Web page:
MJ If you had to write a book on New Zealand poetry since 1965, what might be your main themes this time?

KS Well, nothing spectacular. It would be to start, as I did before, from what appear to be the givens - 'closed form' / 'open form'.

MJ Have you any thoughts about that debate? Do you think it makes sense to talk of a 'main current' in New Zealand verse over the last two decades?

KS I haven't really any clear and firm thoughts about a possible book of criticism and not much inclination at present to develop any. But I did have some idea of looking at the practice of New Zealanders, whether or not they were purportedly 'open' or 'closed', in relation to the breath unit, the line, the traditional battle with iambic pentameter, and the sentence, which at times I have suspected is more importantly the unit of composition in our practice at poems.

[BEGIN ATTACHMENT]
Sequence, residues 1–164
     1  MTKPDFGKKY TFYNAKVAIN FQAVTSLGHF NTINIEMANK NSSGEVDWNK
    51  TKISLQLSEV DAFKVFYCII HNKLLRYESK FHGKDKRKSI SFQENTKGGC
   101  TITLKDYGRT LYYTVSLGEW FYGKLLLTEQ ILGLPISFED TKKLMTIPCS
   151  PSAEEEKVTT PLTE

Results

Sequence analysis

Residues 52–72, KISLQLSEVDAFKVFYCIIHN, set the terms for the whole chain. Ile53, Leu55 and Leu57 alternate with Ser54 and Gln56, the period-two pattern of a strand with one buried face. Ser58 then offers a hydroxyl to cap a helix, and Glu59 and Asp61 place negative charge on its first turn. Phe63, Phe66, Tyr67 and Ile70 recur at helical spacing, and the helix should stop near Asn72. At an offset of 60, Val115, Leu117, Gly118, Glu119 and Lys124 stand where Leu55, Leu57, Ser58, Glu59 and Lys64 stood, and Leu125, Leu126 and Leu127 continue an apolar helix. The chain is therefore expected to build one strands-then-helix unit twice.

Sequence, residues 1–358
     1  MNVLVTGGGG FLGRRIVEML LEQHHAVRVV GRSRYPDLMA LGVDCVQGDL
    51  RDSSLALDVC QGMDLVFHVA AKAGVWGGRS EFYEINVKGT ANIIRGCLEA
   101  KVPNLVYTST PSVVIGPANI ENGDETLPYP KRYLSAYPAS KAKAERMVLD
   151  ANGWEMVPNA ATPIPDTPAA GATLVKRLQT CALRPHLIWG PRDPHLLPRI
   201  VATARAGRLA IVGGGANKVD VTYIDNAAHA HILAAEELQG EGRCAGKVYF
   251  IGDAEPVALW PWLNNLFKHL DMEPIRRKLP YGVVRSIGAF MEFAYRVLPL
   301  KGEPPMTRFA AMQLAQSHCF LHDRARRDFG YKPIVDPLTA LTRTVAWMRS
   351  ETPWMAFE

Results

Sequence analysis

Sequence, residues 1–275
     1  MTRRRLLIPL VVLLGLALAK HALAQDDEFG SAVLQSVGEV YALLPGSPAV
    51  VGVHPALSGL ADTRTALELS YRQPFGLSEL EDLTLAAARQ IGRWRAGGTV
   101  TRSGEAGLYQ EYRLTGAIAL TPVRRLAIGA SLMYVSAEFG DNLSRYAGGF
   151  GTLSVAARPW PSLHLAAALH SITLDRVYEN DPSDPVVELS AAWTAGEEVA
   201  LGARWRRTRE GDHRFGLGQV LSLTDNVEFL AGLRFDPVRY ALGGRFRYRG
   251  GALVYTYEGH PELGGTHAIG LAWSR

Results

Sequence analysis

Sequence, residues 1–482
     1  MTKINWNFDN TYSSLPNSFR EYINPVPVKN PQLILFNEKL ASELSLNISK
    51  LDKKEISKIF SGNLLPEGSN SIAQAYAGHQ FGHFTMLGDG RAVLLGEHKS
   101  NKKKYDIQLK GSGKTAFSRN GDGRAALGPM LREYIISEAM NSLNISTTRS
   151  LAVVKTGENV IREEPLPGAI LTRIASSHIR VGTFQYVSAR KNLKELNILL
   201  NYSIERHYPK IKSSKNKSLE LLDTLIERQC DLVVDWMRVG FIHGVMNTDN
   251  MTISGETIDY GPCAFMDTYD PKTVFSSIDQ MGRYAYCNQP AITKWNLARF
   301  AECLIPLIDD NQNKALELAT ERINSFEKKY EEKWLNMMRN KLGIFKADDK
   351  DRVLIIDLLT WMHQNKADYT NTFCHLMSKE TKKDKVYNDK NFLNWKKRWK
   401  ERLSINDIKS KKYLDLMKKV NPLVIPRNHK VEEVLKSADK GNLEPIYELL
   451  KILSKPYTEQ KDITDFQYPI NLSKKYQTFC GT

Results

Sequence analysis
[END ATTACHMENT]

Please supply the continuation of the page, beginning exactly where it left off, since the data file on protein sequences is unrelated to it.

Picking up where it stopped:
MJ What's your favourite definition of poetry? Eliot's about it's being a superior form of entertainment? Or would you prefer to leave out 'superior'?

KS A desirably superior form of entertainment. Or Auden, of literature as a game. But I can't say that I've ever worried very much about it. Which is perhaps why I've got into trouble from time to time in what I do, because I don't have enough notion of what poetry 'ought to be'. Do some poems, and find out if that's what they are.

MJ Since 1966 you've tutored in the English Department at the University of Auckland. How has that affected your practices and interests as a poet?